Carson City tops list of U.S. cities for warming trend

Reported by: Terri Hendry
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Updated: 6/05 10:21 pm
CARSON CITY, Nev. (MyNews4.com & KRNV) -- A new report shows Carson City leads the nation in a warming trend since 1984.

The report was compiled by the Associated Press, which reviewed federal weather data over the last 30 years. The analysis shows Carson City's average temperature rose 4.1 degrees over the last several decades. Boise, Idaho came in second with a rise of 4 degrees. Las Vegas, despite its triple digit heat in the summer, came in sixth with an increase in average temperature of 3.4 degrees.

National Weather Service Cooperative Program Manager Scott McGuire said he is not surprised by the report. "We do have warming and it is due to humans moving out in the area and building areas."

McGuire's job is to manage the federal climate stations in northwest Nevada and northeast California. He explained there is a term for the warming, called an urban heat island effect. "What happens is the air temperature can't cool off as effectively as it did prior to the roads and the buildings being built around that area."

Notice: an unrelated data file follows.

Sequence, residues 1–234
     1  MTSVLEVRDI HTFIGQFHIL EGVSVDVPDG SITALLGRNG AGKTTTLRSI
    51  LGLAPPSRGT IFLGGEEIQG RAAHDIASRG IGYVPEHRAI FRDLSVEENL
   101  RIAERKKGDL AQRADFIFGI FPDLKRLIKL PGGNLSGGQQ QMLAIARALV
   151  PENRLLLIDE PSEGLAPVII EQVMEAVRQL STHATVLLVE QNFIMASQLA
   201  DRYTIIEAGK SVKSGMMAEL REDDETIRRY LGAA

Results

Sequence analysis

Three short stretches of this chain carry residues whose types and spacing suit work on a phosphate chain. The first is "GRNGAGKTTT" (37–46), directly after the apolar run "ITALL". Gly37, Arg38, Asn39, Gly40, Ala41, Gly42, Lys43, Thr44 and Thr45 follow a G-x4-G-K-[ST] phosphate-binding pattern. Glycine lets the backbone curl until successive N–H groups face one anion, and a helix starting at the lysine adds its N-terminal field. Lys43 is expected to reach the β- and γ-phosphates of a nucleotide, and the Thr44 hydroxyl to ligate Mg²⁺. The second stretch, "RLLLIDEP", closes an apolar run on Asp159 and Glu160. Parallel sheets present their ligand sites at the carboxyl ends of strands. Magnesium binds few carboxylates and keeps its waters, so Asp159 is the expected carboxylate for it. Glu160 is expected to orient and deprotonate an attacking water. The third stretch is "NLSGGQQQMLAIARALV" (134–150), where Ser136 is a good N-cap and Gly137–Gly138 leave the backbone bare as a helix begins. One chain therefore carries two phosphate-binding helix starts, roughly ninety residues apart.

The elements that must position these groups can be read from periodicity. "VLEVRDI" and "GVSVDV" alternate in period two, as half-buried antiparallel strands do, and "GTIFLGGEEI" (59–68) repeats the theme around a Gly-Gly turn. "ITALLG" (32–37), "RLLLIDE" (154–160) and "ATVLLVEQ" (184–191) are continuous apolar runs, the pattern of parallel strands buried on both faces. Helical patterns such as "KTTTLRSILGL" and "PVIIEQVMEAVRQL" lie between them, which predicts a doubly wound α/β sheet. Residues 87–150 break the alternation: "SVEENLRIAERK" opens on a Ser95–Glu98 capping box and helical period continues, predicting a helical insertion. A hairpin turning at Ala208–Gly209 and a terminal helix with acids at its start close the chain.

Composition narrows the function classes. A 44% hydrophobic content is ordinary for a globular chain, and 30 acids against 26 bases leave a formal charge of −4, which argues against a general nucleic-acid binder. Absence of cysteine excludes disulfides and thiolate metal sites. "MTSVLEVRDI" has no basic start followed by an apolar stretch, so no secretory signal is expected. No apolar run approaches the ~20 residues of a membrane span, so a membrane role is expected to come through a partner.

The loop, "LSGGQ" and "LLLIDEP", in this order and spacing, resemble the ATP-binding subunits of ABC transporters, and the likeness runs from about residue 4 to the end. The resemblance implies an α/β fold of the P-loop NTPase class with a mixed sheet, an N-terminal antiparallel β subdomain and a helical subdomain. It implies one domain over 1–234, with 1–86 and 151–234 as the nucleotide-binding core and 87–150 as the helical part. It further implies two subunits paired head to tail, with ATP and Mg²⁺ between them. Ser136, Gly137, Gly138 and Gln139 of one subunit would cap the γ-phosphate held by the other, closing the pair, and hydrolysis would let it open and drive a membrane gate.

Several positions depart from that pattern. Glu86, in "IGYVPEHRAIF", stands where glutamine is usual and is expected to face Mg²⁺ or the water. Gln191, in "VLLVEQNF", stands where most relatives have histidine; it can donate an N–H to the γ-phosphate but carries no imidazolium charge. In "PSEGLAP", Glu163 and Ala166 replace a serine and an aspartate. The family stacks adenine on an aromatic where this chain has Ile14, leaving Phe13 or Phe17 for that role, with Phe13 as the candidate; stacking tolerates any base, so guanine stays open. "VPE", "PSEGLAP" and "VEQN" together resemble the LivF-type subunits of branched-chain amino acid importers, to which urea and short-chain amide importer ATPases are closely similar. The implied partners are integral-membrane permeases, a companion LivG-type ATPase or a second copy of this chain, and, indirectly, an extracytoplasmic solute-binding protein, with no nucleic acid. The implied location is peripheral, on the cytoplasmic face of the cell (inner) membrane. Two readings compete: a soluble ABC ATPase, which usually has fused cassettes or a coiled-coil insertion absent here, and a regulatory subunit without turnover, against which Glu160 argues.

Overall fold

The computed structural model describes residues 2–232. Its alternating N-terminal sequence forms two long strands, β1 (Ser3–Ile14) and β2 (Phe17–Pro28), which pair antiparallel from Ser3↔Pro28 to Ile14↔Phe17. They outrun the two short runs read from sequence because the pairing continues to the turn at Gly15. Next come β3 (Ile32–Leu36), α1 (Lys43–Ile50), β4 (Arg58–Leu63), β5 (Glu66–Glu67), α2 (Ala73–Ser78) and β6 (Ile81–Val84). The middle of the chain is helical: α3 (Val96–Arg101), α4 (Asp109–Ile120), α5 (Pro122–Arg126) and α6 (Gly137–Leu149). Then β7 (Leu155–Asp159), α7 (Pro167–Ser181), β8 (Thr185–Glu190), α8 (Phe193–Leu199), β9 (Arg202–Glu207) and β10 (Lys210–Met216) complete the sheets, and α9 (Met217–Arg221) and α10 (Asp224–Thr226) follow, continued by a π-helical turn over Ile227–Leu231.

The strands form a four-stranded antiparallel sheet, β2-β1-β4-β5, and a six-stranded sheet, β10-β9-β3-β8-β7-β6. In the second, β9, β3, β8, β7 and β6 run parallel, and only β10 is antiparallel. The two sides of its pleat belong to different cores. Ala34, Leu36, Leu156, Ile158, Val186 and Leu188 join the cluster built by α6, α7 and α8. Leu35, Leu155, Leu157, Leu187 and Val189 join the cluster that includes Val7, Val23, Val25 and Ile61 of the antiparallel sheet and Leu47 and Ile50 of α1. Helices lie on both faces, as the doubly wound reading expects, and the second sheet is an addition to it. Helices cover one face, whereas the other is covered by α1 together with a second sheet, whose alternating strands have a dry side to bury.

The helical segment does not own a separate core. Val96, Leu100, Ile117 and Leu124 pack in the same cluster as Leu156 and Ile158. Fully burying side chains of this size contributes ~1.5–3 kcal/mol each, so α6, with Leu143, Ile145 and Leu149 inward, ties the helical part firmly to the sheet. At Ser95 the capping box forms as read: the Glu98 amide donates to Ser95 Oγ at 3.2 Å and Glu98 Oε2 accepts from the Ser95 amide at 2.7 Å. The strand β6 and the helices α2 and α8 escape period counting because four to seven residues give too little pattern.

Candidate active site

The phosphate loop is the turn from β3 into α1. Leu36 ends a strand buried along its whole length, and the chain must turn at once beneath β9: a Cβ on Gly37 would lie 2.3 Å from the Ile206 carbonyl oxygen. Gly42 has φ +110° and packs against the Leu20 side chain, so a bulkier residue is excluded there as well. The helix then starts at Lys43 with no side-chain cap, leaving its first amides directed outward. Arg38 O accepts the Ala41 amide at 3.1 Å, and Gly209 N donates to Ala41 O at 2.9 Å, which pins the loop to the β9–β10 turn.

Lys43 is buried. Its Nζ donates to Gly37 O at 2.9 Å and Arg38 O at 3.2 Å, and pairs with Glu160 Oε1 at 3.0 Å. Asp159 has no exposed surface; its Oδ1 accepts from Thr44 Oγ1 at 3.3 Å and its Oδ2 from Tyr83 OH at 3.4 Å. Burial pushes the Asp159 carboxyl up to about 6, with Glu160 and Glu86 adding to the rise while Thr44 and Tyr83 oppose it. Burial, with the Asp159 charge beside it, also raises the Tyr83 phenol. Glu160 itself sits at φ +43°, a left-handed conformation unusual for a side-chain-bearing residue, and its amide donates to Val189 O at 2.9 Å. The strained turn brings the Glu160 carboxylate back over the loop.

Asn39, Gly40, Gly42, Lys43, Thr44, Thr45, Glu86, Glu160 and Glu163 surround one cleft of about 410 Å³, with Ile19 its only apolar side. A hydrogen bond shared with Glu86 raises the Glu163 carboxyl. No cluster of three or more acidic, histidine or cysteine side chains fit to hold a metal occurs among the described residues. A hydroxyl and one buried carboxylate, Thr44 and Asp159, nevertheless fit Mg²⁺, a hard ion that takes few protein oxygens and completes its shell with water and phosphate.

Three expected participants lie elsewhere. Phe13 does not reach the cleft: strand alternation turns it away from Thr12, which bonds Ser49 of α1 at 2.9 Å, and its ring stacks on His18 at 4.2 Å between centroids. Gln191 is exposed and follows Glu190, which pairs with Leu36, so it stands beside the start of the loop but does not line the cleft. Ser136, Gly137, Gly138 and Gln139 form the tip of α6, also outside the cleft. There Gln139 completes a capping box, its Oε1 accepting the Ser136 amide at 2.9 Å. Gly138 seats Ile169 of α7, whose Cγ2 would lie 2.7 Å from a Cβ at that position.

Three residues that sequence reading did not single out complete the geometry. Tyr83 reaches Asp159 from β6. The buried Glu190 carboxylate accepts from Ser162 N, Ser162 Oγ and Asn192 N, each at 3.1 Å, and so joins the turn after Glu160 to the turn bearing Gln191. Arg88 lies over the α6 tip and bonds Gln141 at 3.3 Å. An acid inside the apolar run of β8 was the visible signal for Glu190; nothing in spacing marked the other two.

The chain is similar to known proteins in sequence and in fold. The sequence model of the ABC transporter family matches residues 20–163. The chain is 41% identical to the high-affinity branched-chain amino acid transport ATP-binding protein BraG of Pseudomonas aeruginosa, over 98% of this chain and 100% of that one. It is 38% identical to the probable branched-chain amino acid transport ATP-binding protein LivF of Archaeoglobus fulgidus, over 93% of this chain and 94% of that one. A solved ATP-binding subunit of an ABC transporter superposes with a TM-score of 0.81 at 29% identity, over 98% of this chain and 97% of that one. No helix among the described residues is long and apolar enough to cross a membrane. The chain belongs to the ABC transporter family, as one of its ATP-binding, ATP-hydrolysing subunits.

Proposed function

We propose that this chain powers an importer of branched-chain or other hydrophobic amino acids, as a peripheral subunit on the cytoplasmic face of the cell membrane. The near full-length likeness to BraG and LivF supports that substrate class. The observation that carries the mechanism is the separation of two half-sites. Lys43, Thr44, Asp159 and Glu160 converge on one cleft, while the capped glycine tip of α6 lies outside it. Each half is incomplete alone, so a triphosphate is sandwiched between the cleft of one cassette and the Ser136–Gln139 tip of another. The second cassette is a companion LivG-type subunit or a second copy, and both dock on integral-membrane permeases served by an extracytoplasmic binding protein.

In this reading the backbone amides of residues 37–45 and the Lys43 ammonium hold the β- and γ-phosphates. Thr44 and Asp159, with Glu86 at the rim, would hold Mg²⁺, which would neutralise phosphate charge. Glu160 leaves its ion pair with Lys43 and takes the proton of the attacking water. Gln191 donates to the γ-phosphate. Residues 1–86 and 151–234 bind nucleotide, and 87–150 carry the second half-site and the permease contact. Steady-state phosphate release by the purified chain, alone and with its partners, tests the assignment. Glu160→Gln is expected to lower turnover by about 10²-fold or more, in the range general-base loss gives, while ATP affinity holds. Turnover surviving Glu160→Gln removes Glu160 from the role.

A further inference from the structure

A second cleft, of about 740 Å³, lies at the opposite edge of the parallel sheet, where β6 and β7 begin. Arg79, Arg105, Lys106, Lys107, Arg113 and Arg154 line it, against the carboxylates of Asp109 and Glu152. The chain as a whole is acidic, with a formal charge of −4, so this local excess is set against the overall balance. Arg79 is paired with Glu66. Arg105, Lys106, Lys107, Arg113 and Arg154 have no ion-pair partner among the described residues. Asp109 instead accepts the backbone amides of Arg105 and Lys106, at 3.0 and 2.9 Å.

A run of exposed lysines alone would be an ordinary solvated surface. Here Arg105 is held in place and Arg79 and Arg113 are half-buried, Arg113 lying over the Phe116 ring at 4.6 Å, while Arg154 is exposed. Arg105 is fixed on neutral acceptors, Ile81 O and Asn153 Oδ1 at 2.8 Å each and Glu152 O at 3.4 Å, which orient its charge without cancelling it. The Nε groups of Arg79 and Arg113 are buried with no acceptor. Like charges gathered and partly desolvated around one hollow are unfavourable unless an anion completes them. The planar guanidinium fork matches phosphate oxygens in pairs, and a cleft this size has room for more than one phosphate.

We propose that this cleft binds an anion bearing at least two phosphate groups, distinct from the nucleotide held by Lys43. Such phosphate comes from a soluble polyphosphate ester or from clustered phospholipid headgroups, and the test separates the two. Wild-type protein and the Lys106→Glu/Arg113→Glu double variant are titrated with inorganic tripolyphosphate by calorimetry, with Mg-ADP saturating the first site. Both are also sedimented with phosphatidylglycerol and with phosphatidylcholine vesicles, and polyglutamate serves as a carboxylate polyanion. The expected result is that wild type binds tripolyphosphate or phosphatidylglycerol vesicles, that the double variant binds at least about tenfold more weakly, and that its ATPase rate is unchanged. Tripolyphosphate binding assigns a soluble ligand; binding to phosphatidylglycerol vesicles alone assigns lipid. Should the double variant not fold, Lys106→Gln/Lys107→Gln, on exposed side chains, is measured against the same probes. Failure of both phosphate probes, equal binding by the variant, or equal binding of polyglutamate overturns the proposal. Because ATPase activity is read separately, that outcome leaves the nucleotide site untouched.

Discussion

McGuire said as development occurs, sunlight is absorbed by the buildings and asphalt. At night, when the temperatures are supposed to cool down, the heat continues to radiate from the man-made structures. "Reno and Carson City typically see a 30-to-35 degree swing in temperature from day to night (diurnal swing). Areas, like Boca Reservoir are not developed and we continue to see that 50-degree diurnal swing."

The Boca weather station has been gathering the same data for more than a hundred years, and McGuire said the west has seen an increase in population. "We've had a huge increase, particularly in the last 30 years. Areas like Phoenix, Las Vegas, Reno, Carson City and Boise are all in the top 10 and have seen a large population influx."

McGuire notes the urban heat island effect is not new to science. "It's well known. I think what you're seeing today, that's coming to light, is that there's a lot more data, a lot more stations and a lot more research.  Obviously with global warming, that phrase brings a lot of people to start looking and reviewing all this stuff."
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